I had been, previously, loaned an A6 with all of the sport option boxes checked off and it seemed much much better than the A7.

    The thing sure was purty however -- but not nearly $10K more beautiful than a comparable A6 -- and driving it although not exactly a chore, was, hmm, rather a disappointment.

    I was able to pull into the dealer in the A7 and five minutes later drive out in my S4 -- the main straight line difference was that the S4 is not quite as quiet as the A7, but everything else about the S4 -- from the sound system to the sound of the engine at full cry -- was superior.

    Now, then, however, would I have the need to drive myself and 3 passengers on a 100 mile trip to Columbus, Louisville or Indianapolis, well the extra rear seat leg room of the A7 would be appreciated.

    I guess the S cars have the power to spoil (me at least). I simply would not pay the extra $13K for a relatively stripped A7 -- and if they were both $57K, the S4 would still be my first choice. Makes me wonder how much better, even, the B9 S4 will be over the A7's.

    Drive it like you live.

    I just got my 35K mile service at 34K miles (did it early). I did it early mainly due to the fact I skipped/missed my 30K mile oil change. Don't listen to Audi if you plan on keeping the car a long time; best advice is change the oil every 5K miles no matter how good the oil is. If you plan on not keeping it much past the 50K warranty, then Audi's advice to do 10K maintenance intervals is sound. Otherwise, the best advice I've received is that it is not a good idea to skimp.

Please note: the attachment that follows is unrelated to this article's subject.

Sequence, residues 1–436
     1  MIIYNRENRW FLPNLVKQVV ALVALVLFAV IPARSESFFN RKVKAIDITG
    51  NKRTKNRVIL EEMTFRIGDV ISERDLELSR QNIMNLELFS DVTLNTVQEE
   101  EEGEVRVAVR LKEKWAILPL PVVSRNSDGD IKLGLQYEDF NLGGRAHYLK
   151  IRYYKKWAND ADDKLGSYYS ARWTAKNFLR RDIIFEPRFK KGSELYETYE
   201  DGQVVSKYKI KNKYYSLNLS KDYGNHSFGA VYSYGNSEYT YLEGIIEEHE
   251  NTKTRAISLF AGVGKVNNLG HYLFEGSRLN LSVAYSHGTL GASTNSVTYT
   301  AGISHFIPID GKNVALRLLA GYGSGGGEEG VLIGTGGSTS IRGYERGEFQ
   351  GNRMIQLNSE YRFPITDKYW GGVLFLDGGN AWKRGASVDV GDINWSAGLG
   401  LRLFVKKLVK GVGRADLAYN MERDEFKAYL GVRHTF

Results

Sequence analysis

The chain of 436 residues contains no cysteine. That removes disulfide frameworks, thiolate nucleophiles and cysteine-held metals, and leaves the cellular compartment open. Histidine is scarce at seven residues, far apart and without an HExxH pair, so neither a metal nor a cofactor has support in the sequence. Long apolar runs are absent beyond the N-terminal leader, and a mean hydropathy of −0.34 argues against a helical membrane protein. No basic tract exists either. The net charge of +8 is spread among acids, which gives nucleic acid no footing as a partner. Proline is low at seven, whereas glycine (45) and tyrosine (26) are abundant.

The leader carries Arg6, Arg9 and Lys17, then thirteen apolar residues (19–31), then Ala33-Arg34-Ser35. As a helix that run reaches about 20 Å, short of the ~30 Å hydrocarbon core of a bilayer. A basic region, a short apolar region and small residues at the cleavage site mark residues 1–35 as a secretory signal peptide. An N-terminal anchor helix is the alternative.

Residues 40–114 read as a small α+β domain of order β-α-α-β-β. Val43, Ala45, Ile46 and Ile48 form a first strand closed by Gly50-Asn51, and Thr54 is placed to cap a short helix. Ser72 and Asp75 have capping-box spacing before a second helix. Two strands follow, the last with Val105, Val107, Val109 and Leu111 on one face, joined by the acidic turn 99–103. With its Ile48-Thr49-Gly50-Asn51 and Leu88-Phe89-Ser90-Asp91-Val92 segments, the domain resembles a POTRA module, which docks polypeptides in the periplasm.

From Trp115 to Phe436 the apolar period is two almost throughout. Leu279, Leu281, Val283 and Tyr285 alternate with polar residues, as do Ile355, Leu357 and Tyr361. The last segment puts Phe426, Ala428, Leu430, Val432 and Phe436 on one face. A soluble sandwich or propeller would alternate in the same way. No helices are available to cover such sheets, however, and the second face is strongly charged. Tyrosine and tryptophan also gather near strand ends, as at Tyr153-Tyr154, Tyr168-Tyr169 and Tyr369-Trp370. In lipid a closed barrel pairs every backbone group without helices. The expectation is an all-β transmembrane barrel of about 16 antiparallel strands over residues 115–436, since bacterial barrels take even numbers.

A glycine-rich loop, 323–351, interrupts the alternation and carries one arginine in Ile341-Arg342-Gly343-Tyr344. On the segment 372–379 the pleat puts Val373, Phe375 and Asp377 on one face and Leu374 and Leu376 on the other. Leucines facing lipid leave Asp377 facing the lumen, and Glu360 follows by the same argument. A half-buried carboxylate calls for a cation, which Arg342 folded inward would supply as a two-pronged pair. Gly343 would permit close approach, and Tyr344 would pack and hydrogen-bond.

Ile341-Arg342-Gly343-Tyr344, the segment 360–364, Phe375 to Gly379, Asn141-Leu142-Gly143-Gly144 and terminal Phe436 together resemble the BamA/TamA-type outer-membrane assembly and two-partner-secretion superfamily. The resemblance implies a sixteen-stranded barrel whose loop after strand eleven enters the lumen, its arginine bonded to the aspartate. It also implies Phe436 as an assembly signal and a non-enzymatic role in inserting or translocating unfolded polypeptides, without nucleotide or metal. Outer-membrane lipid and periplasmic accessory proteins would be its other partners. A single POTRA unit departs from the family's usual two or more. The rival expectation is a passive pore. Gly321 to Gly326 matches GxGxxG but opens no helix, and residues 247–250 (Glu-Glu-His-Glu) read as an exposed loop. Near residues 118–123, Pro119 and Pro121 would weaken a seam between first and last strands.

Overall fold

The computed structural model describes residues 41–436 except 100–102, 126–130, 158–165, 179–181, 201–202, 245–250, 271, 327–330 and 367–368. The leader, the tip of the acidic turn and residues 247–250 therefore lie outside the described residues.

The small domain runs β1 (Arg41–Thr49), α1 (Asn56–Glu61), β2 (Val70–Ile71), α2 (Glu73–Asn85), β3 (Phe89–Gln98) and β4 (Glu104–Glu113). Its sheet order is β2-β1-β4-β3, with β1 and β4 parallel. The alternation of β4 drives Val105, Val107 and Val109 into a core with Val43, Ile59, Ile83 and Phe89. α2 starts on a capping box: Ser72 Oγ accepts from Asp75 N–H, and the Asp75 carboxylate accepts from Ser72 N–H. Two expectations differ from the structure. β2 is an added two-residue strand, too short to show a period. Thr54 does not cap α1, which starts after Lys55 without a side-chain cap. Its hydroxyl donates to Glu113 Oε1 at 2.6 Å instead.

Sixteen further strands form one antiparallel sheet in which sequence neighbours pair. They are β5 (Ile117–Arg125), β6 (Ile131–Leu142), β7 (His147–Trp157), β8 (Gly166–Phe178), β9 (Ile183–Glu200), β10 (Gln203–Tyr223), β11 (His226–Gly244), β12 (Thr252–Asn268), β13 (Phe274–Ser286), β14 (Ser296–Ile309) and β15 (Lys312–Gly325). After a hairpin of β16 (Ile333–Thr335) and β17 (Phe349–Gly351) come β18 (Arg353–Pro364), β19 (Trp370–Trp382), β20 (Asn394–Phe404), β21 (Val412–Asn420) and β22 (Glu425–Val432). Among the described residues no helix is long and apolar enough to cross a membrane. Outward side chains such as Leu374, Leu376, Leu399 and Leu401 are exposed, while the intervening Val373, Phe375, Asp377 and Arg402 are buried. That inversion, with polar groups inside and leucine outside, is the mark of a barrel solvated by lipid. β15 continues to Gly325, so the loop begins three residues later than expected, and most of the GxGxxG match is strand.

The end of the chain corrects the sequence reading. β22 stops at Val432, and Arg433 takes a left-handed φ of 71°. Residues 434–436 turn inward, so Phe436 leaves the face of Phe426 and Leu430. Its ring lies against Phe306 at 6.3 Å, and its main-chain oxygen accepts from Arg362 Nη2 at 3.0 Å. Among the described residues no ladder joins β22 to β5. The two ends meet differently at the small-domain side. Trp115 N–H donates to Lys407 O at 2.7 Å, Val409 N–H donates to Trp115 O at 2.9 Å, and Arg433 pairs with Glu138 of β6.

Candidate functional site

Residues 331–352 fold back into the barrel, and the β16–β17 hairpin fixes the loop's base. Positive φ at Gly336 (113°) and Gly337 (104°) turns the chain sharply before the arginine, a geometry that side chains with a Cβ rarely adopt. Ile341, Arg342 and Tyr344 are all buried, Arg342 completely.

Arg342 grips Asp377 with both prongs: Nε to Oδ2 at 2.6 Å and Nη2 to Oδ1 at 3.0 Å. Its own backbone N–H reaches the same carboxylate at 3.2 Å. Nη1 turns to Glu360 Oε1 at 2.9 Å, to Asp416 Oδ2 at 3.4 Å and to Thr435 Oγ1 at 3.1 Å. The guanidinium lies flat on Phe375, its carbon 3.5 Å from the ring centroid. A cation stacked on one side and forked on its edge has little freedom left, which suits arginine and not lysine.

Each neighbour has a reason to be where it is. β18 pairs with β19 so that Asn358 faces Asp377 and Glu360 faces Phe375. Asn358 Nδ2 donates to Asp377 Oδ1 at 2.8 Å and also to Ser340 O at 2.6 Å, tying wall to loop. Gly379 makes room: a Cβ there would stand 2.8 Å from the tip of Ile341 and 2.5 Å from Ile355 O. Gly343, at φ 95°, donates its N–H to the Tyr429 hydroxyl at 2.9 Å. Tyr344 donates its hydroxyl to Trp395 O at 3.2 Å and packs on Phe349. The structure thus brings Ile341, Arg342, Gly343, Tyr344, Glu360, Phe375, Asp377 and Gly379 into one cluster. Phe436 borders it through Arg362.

What did your 35K S4 service include?

    I told them to include the engine air filter whether it said to do it or not. They also did my cabin air filter, the motor oil, and I asked for a front brake service including new fluid as my pads were starting to scratch metal on metal on 1/2" ring just a week before my scheduled service (took two weeks to get into this shop from when I called; they are too good and popular and busy as a result!). Rotors when correctly priced even the large fronts were only $125 each, but still a hard pill to swallow twice now for me (due to track-use). This time, (unlike the first which was totally my fault for ignoring the sensor lights), I didn't get all the dummy light sensors warning me my pads were low; might need to ask Audi why the brake pad sensors didn't warn me and to pony up for the rotors as a result :smile: Also need to ask my shop again what the diagnosis/theory is for the failure of the sensors to warn me I was scoring my rotors with metal on metal contact. Perhaps the pads were unevenly worn from overheating during 100+ degree track days; causing the lack of warning. Need to follow up with them. My front pads are not really meant to be track abused more than probably 1 weekend (they were put through 2 as well as 19,000 miles).

    CR came out with 2014/15 results of the most reliable Car brands, and Audi as real-world observance between you and I seems to agree with, is at the top of the chart along with a couple others for good reason. Impeccably built, quality controlled, and constructed is what comes to mind as the right words.

    I was charged 2.1 hours for 35K service which included the oil/filter, air filter, cabin pollen filter, brake fluid flush, & inspection.
    Charged 1.5 hours to replace the front rotors and pads.
    '16 Audi TTS quattro 2.0T, '15 Audi A4 quattro 2.0T, '16 Kia Optima LX 1.6T
  • flightnurseflightnurse Valley of HellPosts: 2,178
    andres3 said:



    I just got my 35K mile service at 34K miles (did it early). I did it early mainly due to the fact I skipped/missed my 30K mile oil change. Don't listen to Audi if you plan on keeping the car a long time; best advice is change the oil every 5K miles no matter how good the oil is. If you plan on not keeping it much past the 50K warranty, then Audi's advice to do 10K maintenance intervals is sound. Otherwise, the best advice I've received is that it is not a good idea to skimp.